Monthly Archives: January 2011

John Tantillo’s Winner and Loser of The Week: MTV and The Super Bowl

John Tantillo’s Winner and Loser of The Week

Brand Winner… And Loser…

John Tantillo’s Winner and Loser of The Week: 


Winner:  MTV

Loser:  The Super Bowl                     




I want to start by saying that from all that I hear, MTV’s new series Skins sounds like another deplorable step down for our culture and yet another blow against civility.


That said, MTV is simply doing what MTV does best –and their viewers want their MTV.


From the beginning, it was obvious that Skins, a dramatized take on teenage life that has been accused of possibly violating child pornography laws, was a show that would offend, alienate adults and make MTV look like a renegade. 


That might be death for other networks but what is MTV but a network that built its reputation on offending, alienating adults and looking like a renegade?   


Its Target Market, the same demographic depicted in the show, expect this behavior –in fact, to the extent that MTV doesn’t offend and look like a renegade, its brand loses credibility in its audience’s eyes.  Think  Elvis Presley shaking his hips a little too much on the Ed Sullivan show.  Think The Doors going even farther just a decade later.


MTV will lose sponsors you say?  Of course they will (Subway and Schick just dropped out).  But assuming this is contained and doesn’t lead to wholesale legal action and other problems, MTV will find other sponsors more in line with the Target Market for this show –and, don’t be surprised, to see the old sponsors come trotting back if the show succeeds and the outrage dies down.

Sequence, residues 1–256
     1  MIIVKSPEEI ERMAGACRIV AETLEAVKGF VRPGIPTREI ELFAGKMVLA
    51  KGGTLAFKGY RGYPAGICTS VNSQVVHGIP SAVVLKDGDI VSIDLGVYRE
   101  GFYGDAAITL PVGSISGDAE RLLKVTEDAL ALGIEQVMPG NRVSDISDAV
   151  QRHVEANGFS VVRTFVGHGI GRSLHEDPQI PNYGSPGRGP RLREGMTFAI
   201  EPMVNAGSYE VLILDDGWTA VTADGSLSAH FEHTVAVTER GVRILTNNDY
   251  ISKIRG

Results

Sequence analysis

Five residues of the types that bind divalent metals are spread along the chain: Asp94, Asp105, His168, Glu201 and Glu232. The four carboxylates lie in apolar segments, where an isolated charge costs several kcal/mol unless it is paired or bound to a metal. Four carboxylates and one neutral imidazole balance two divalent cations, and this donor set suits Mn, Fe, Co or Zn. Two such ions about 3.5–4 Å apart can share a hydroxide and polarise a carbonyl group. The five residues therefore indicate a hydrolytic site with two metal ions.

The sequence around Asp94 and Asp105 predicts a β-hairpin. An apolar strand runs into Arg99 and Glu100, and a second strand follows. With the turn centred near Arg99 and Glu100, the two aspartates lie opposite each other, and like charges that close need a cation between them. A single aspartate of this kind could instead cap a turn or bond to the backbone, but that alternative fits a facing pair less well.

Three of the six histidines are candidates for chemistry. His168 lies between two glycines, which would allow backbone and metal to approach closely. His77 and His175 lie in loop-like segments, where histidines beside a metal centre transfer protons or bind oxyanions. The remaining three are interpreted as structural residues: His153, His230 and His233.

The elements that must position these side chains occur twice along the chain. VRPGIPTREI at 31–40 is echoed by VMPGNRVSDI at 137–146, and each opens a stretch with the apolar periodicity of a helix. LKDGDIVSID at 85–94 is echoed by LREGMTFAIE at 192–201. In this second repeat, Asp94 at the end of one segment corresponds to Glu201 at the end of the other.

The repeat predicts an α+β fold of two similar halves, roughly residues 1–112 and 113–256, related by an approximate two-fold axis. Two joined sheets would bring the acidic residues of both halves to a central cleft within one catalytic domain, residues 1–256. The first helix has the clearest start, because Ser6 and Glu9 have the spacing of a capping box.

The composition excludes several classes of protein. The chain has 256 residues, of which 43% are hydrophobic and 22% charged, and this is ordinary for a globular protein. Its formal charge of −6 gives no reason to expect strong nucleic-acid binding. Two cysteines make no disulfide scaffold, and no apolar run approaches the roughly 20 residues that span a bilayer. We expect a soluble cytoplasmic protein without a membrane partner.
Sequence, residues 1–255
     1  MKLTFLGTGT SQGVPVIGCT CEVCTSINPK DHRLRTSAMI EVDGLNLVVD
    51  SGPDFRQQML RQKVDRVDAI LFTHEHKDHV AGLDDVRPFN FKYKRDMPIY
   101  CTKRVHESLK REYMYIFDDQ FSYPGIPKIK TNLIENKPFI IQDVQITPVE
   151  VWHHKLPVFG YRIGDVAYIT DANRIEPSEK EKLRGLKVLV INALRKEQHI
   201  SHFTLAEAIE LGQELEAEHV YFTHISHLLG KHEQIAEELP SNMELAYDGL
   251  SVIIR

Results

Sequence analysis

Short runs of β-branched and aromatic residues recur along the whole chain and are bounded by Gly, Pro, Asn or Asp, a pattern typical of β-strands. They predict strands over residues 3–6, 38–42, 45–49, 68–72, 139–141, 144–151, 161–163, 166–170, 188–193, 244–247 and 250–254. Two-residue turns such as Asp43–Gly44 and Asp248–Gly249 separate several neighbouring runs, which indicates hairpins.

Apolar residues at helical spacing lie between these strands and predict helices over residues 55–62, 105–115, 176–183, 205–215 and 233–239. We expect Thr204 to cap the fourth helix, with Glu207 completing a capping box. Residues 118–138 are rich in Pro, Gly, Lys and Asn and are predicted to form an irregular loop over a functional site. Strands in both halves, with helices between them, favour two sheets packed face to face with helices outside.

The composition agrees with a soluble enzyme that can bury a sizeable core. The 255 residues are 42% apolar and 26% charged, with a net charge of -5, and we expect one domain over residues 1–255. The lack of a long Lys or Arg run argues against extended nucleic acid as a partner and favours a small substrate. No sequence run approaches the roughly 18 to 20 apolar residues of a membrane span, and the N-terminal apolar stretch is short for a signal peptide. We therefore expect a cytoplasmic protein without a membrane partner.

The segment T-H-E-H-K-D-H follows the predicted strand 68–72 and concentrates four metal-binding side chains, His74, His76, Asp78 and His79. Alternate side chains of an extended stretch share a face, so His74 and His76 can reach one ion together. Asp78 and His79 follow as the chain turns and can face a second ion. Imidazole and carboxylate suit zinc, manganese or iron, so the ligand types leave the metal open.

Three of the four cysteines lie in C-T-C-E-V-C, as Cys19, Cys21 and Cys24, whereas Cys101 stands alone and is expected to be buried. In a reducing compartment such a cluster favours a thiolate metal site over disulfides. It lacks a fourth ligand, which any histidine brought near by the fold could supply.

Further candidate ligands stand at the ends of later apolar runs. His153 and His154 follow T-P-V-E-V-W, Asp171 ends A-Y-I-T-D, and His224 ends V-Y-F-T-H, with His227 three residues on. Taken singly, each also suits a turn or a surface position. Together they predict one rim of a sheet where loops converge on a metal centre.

Again, from what I’ve heard this show might indeed be a sad testament to how low we have sunk as a society, but in strict brand terms, MTV has done exactly what it needed to do. 


You simply don’t get a reputation for going too far unless, occasionally, you go too far.  The same rules that apply to an NBC just don’t apply to an MTV.


There’s another element at work here as well: adpublitizing.  Or shall we say, showpublitizing or networkpublitzing (now that’s a mouthful).  Today, in a fractured media landscape, one way to supplement advertising dollars and gain product/service visibility is by creating a controversy that the media will cover.  Usually, this controversy surrounds an advertisement that gets pulled by jittery networks. 


But in this case, MTV has used a show with many objectionable qualities to get an ongoing cycle of press at the series launch of the kind that promoters can usually only dream.  In the process, they’ve cemented their brand image with their audience.  This is basically a repeat of what they did and still do with Jersey Shore where both onscreen and off-screen scandals generate ongoing attention.


Folks, let the adult world (justifiably) lament this next chapter in the history of our teens, but no one can expect MTV to behave any differently. 


Fact is, if history is any guide, today’s scandalous series is tomorrow’s “groundbreaking,” “risk-taking” television.  Smothers Brothers?   



Folks, here we go again and this year I want to get in there a little early:

Super Bowl advertising is a waste of money!